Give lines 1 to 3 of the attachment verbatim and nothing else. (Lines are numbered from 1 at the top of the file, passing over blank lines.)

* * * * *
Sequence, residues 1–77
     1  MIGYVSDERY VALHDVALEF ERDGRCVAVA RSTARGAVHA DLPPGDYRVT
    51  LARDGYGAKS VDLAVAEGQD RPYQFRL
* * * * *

Sequence, residues 1–77
     1  MIGYVSDERY VALHDVALEF ERDGRCVAVA RSTARGAVHA DLPPGDYRVT
    51  LARDGYGAKS VDLAVAEGQD RPYQFRL